Apathy symptoms modulate motivational decision making on the Iowa gambling task
1 Psychology Department, University of Cape Town, Main Road, Rondebosch, Cape Town 7701, South Africa
2 School of Psychology, Division of Neurosciences, Burlington Danes Building, Imperial College, The Hammersmith Hospital, Du Cane Road, London, W12 0NN, UK
3 Department of Experimental Psychology, Oxford University, Oxford, UK
Behavioral and Brain Functions 2012, 8:63 doi:10.1186/1744-9081-8-63Published: 27 December 2012
The present study represents an initial attempt to assess the role of apathy in motivated decision making on the Iowa Gambling Task. Clinical descriptions of patients with apathy highlight deficits in the cognitive, emotional and behavioural aspects of goal directed activity, yet standard neurocognitive tests of these measures fail to demonstrate reliable sensitivity to the disorder. Available research suggests the Iowa Gambling Task is a robust test of complex emotional socio-executive processes involved in motivational decision making, which can analogue real-world goal-directed behaviour.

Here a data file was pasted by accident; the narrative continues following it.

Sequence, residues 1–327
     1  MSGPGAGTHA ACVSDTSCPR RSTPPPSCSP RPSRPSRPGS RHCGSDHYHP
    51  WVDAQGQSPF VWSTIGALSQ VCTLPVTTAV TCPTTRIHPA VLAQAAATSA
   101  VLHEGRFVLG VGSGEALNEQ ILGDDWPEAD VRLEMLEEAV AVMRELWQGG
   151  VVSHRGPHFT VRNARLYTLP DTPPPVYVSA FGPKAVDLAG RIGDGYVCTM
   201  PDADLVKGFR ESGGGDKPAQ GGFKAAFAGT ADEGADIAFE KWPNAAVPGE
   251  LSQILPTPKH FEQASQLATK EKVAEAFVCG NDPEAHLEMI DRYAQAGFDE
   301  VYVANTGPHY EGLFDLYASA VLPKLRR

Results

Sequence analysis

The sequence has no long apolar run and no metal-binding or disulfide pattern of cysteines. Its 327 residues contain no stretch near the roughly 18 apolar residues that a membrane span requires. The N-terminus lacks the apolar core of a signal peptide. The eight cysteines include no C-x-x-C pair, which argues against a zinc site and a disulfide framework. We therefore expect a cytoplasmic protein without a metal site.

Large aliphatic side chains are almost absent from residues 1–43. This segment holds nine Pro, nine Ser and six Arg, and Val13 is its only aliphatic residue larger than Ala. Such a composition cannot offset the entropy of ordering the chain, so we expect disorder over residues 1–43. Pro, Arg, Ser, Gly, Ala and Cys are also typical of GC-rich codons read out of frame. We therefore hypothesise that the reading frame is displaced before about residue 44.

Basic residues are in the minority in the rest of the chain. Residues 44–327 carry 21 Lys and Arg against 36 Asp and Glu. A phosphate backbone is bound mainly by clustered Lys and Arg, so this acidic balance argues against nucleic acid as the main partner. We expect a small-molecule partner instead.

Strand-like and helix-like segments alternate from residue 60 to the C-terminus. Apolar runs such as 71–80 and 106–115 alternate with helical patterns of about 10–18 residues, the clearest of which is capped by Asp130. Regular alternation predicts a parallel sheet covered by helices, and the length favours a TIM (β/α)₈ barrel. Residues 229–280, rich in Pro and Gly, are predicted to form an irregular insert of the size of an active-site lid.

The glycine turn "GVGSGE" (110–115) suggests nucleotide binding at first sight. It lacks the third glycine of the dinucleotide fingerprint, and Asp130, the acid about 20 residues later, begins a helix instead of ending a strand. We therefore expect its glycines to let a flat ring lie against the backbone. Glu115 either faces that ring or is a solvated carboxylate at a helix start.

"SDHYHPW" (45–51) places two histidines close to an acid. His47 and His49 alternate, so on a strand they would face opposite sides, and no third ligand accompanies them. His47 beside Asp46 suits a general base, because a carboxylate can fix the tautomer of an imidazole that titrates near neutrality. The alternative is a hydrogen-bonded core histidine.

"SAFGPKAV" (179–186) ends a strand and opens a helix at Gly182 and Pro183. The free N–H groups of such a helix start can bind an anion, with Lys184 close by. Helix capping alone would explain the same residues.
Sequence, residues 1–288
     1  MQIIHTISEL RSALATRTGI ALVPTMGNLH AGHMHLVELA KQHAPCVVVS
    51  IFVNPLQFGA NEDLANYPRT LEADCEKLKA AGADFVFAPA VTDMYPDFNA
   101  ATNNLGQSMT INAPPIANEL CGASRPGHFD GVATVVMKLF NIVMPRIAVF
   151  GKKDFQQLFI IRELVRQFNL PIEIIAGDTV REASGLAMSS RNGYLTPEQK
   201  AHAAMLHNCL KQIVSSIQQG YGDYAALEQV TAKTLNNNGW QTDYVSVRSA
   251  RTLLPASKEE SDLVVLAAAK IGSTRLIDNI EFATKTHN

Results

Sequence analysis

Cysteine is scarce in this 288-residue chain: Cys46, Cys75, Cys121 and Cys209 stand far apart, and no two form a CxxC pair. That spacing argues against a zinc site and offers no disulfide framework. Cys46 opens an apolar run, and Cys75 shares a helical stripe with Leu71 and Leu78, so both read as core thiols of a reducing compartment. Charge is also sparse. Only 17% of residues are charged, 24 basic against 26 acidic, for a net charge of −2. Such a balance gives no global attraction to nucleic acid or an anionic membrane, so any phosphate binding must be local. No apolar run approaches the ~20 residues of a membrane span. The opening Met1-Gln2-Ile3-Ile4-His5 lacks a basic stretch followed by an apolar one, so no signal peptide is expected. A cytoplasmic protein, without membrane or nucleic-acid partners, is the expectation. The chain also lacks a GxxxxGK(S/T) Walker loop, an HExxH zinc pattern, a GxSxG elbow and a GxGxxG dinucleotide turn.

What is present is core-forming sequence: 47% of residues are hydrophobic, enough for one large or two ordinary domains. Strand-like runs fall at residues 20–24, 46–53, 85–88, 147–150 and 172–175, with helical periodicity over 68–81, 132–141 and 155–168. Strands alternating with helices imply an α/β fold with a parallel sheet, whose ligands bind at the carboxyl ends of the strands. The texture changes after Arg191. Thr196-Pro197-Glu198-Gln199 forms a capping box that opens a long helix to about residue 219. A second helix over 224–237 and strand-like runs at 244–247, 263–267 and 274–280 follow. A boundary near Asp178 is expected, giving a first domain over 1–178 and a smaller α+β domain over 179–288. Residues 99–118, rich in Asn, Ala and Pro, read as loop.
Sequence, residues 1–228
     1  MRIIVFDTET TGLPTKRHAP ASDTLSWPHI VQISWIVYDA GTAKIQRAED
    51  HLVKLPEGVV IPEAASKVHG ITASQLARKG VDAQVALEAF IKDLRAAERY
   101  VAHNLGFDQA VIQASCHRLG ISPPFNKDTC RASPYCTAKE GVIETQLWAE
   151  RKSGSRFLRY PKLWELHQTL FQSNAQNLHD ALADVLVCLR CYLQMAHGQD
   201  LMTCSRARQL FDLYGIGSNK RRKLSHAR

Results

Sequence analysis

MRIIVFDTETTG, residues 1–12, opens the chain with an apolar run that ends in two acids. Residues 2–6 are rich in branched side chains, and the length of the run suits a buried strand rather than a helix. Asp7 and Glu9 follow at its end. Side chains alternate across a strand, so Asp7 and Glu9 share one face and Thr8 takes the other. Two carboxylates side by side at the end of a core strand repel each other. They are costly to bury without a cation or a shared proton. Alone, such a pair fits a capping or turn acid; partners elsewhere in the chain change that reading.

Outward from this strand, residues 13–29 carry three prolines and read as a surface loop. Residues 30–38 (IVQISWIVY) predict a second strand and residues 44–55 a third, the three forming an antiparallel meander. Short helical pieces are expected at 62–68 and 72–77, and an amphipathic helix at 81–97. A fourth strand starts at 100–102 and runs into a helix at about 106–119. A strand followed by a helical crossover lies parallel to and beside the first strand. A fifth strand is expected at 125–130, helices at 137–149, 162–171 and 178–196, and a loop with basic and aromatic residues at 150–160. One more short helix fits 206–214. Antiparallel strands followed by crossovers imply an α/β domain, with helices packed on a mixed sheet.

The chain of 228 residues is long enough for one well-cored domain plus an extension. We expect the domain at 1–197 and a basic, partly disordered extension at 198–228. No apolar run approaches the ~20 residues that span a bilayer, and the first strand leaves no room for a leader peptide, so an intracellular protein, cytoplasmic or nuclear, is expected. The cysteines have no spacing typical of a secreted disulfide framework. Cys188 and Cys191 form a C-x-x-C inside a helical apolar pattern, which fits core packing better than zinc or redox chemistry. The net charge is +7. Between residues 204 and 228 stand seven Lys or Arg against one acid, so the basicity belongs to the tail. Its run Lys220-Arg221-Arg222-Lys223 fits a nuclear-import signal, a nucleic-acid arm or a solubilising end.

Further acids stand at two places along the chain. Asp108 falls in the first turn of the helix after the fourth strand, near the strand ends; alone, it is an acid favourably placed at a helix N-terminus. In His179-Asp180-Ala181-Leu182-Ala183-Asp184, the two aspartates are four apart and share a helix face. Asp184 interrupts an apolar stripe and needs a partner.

We ask whether performance on the Iowa Gambling Task can distinguish brain damaged patients with apathy symptoms from 1) brain damaged patients without apathy and 2) neurologically intact controls. Overall, 22 healthy adults and 29 brain damaged patients took part in this study.
Brain damaged patients with apathy were distinctively impaired on the Iowa Gambling Task compared to both non-apathetic brain damaged patients and neurologically intact healthy controls. On the other hand, standard measures for the cognitive control of behaviour failed to show this sensitivity.
Our results demonstrated that the Iowa Gambling Task is sensitive to the presence of apathy symptoms. We discuss these findings in terms of neurocognition deficits in apathy and the related implications for rehabilitation and clinical intervention.